Last year my dapple dachshund developed an oral cancer behind a molar. The large mass was discovered during his annual cleaning. I had noticed his mastication had changed and the biopsy confirmed the fatal cancer. The said not to worry there is a treatment for this now. 100% cure rate. We took him to the regional vet hospital about 7 miles from here and the tumor was removed and he was started on an immunotherapy specific for this oral cancer. Clinical trials had been ongoing for 9 years with great success even with those that showed metastasis to lungs and lymph glands. The treatment is similar to that used on Jimmy Carter for brain cancer.
    A few weeks after treatment I read an article in C&E News about all the studies of cancer and diseases being done on dogs. Different breeds have different cancers so many are studied. At 10 years, 2017 the treatment will be available to humans.
    So, I am not surprised that these bio treatments are coming along fast. Dogs, having relative short life spans that are in a disease state make excellent subjects for study.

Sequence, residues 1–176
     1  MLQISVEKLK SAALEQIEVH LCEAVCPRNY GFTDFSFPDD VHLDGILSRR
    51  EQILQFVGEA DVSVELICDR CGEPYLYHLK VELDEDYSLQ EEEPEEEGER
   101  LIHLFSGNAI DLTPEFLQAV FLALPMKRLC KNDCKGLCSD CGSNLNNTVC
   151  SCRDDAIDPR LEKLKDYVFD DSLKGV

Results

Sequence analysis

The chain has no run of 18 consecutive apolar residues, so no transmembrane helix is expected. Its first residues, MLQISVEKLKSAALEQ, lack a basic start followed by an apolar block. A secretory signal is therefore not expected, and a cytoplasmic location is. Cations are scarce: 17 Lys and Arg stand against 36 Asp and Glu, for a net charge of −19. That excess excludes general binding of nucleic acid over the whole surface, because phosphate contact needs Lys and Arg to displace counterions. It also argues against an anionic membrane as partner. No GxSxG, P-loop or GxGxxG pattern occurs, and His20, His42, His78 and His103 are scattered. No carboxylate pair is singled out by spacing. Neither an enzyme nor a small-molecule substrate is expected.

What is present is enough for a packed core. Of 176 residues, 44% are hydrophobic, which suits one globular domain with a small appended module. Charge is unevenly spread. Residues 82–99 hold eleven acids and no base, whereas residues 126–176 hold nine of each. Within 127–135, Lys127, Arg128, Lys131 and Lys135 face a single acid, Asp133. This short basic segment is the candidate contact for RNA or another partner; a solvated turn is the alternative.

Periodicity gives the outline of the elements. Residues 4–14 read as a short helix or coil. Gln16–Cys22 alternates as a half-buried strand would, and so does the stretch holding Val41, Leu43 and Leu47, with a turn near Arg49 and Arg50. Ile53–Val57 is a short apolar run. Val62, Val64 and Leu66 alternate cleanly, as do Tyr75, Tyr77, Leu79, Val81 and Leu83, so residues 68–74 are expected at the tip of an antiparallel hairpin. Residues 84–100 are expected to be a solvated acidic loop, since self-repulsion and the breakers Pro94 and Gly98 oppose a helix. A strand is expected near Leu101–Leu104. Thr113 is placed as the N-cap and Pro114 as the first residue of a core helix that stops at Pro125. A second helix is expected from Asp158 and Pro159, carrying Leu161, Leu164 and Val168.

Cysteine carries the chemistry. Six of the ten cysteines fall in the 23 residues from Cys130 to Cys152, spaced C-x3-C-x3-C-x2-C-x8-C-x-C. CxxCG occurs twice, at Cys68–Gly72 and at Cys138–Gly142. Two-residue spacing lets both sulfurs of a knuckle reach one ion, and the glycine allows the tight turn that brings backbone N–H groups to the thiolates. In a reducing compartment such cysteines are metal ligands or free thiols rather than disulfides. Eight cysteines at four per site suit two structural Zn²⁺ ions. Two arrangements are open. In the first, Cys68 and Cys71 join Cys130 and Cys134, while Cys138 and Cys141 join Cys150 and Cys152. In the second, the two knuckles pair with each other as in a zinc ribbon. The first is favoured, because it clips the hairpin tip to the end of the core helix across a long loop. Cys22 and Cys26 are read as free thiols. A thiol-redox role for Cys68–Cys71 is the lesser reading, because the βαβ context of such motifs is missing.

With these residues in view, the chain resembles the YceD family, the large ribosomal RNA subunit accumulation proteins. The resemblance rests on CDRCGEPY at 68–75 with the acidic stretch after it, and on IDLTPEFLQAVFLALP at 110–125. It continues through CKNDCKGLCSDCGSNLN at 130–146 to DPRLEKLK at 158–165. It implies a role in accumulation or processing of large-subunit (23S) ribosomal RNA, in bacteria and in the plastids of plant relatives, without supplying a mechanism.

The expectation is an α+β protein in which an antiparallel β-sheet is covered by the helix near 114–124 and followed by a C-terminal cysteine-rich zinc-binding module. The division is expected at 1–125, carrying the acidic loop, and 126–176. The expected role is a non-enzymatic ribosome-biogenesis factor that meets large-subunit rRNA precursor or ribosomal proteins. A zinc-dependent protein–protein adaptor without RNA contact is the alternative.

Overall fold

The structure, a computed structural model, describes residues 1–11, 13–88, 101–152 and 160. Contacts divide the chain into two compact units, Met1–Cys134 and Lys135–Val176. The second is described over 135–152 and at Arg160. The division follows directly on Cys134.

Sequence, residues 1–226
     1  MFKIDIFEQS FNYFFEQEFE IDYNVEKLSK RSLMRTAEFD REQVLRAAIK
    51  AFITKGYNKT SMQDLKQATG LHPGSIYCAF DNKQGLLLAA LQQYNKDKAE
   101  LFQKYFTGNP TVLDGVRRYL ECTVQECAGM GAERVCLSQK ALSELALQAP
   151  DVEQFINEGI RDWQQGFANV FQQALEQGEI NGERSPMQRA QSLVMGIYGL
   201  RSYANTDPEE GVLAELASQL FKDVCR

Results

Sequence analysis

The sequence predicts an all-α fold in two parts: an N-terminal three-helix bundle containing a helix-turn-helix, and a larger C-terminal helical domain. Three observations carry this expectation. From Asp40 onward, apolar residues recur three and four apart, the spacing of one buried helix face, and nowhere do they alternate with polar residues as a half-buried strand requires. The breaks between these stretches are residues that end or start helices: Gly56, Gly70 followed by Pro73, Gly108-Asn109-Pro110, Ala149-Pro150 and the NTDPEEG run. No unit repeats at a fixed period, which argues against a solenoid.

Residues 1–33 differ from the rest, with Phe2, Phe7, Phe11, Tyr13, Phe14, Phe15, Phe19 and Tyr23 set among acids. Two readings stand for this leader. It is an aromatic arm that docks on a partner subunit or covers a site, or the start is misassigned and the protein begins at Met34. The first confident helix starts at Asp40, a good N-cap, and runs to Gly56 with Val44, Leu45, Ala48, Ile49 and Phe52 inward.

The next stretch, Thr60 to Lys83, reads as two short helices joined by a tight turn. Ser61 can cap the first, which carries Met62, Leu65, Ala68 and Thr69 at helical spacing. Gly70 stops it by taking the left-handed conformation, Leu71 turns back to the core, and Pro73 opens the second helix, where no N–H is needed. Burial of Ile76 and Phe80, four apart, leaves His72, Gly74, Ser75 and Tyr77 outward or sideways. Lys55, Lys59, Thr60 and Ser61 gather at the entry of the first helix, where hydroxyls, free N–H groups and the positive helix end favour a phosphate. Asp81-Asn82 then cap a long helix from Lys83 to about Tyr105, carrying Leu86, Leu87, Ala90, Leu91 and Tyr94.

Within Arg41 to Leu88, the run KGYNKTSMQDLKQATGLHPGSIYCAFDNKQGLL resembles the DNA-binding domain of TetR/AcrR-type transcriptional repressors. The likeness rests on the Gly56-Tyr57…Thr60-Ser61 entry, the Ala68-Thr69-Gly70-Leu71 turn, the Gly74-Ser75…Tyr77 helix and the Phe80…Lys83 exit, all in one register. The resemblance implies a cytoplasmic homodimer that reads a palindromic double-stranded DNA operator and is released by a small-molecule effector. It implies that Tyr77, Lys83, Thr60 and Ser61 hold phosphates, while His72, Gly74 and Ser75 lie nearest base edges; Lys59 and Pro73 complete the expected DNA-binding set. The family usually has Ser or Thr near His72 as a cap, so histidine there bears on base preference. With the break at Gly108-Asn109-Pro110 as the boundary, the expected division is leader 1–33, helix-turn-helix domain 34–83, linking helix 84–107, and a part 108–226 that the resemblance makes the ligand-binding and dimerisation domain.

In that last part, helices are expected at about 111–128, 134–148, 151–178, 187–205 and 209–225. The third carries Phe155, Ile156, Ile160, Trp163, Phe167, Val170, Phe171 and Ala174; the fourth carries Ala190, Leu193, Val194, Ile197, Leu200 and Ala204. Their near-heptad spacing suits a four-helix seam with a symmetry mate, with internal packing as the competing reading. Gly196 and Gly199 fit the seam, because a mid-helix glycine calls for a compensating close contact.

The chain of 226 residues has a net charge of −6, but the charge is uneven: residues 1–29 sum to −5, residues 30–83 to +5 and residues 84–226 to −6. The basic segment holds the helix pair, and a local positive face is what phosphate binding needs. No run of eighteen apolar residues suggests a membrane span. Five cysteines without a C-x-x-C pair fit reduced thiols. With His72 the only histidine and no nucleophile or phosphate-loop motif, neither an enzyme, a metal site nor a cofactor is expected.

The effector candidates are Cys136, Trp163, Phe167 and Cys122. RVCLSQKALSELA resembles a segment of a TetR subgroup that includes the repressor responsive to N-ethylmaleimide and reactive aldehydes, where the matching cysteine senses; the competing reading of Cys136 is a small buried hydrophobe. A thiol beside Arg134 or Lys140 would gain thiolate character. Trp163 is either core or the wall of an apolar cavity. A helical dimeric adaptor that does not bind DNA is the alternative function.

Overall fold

Jax, my dog is still doing great 18 months post treatment with no signs of cancer.
    I believe a Parkinson’s treatment and possible cure is just around the corner.
    Besides C&E News I subscribe to Genome and Neurology Today.

  10. dave at 4:26 pm

    I agree with Jhelm- this is still antipathic medicine-and we have learned of the problems of the latest and greatest antipathic medicine like methotrexate for rheumatoid arthritis leading to cancer- or the new immune therapies for cancer leading to organ failure. Why should anyone believe that antipathic medicine can do anything but make someone dependent on a medication indefinately? Maybe im begging the question here…….. And perhaps the antipathic paradigm was designed to make one dependent on expensive medications indefinately.
    It is unfortunate these scientists fail to see the great limitations of the antipathic paradigm on which their poisonous enthusiasm lies. I would think by now they would have grown bored with their trying to cmpensate fr what they believe are the failings of the human body. Maybe they should try some evolutionary medicine and the unitary theory of Rogers.. They are stuck in a reinforcement loop and lack the moral imagination to make fundamental changes in their approaches to pain that go beyond ameliorating biomolecules that correlate with symttoms.
    It is up to the American public to call for researchers to create a much more robust paradigm for pain- failing that i dont expect real progress in pain care anytime soon.

  11. Jhelm at 5:37 am

    As usual this is a paain management therapy and not a cure………

  12. Bernadette daly at 5:25 am

    I would try the patches as I’ve got fibromyalgia and syatica and suffer with a lot of pain ;I was smoking it but gave up 9 months ago as didn’t have money to keep paying for it thanks